The decision of when change is necessary is also a communal matter at the congregational level. Jewish law has always been the product of an interaction between the rabbis and the general Jewish community. That is the reason for the power of minhag (custom) in Jewish law. In the Conservative Movement, congregations are increasingly getting involved in the discussion of important issues in Jewish law, and that is precisely as it should be, for no law has authority unless it becomes part of the concern and practice of the community.

The issues that have led the Conservative Movement to institute changes in the law have varied from case to case, as you would expect. Sometimes changes in technology created new living conditions to which the law had to be applied. For example, the widespread availability of the car has meant that Jews do not necessarily live within walking distance of the synagogue any longer, and that raises questions about Shabbat observance. Sometimes new historical realities have been the grounds for changes, as, for example, in the decisions of the Conservative Movement to add special prayers for the State of Israel in services and in Grace after Meals throughout the year and to treat Israeli Independence Day as a formal, religious holiday, both liturgically and programmatically. Sometimes new social or educational realities have been the motivation for changes. The most wide ranging example of that is the multitude of issues being discussed and acted upon within the Conservative Movement in redefining the rights and responsibilities of women in Jewish law in light of their new educational and social status. But one factor that has consistently played a major role in Conservative thinking and action is the area of ethics. In many Conservative decisions moral injustice, or the opportunity to encourage greater moral sensitivity, has been the primary motivation for revising the law.56

In this last respect, the Conservative Movement has acted quite differently from both the Orthodox and Reform (e.g Siegal but cf. review of Roth). The Orthodox would not consider modern ethical sensitivities as sufficient grounds to change the law: for them, the law as it has been formulated over the centuries must be binding. Put another way, for them the halachah (the specific form which the law has taken) controls the aggada (the ethical and theological values of Judaism). In contrast, the Conservative Movement maintains that the purpose of the law in the first place is largely to concretize moral values, and so the specific form of the law can and should be changed if it is not effectively doing that. In other words, the aggada should control the halachah. On the other hand, the Reform Movement does not connect its concern with morals to a corresponding concern for Jewish law. For them the law may suggest some approaches to solving moral problems, but it is to be seen as purely advisory. No specifics of the law are binding-either moral or ritual. In response, the Conservative Movement claims that Jewish law must be considered authoritative if we are to retain our identity and heritage. Moreover, Jewish law contributes in crucial ways to moral practice, theory, and sensitivity, and therefore to abandon it is to sacrifice a major reservoir of moral encouragement, education, and insight. And finally, the Rabbis of the Talmud and Middle Ages themselves changed Jewish law for moral reasons, and consequently not to do so would be to violate the tradition! We therefore must pursue our moral goals through Jewish law, but the form of Jewish law must change from time to time if it is to aid us effectively in fashioning ourselves after God's image.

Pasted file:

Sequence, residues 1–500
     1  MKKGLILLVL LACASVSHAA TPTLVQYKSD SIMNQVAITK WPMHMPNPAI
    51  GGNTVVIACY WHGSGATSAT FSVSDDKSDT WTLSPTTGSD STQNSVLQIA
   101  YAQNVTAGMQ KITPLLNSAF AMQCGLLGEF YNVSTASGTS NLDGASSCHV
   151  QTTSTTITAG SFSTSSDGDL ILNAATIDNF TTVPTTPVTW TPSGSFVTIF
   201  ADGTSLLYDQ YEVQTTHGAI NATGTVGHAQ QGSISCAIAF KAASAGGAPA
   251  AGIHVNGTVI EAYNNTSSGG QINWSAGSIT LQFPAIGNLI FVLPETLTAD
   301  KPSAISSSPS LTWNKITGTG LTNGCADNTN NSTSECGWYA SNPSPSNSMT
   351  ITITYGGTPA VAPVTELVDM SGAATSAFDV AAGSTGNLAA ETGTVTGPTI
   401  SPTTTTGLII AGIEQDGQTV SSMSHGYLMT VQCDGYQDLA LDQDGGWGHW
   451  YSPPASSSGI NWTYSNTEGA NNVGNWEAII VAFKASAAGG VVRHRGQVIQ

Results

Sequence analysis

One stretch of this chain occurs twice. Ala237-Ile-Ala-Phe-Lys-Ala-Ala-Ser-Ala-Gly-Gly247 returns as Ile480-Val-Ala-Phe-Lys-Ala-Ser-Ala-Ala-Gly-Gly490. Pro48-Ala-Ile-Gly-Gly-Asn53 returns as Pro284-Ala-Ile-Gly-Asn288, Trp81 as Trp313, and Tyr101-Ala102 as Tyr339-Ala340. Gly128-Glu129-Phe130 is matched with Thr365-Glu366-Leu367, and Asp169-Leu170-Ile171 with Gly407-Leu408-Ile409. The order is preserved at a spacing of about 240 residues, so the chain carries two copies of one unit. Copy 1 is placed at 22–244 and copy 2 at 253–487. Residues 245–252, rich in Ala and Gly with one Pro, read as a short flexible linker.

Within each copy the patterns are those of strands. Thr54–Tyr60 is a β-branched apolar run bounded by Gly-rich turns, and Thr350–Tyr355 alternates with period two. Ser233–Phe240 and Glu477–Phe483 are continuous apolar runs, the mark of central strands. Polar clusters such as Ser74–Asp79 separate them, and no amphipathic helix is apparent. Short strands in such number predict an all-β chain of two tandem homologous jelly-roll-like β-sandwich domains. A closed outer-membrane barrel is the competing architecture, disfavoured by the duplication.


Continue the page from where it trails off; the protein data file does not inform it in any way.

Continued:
Three points ought to be emphasized about the Conservative approach to Jewish law:

 (1) The Conservative Movement does not introduce changes in Jewish law just to make life easy: it does so to make Judaism live in the modern world. Sometimes that requires adding new laws, and sometimes that requires dropping or modifying traditional ones, and the Conservative Movement has acted in each of these ways, always with the goal in mind of enabling Judaism to be effective in our lives.

(2) Introducing such changes is not a departure from the tradition. On the contrary, not to do so is to abandon the tradition (see Jacobs)!

(3) In the present day, the overwhelming need is to teach Jewish practices and ideas together with an appreciation for the differences of opinion and practice that have always characterized Judaism. It is to that task that most of the efforts of the Conservative Movement are directed.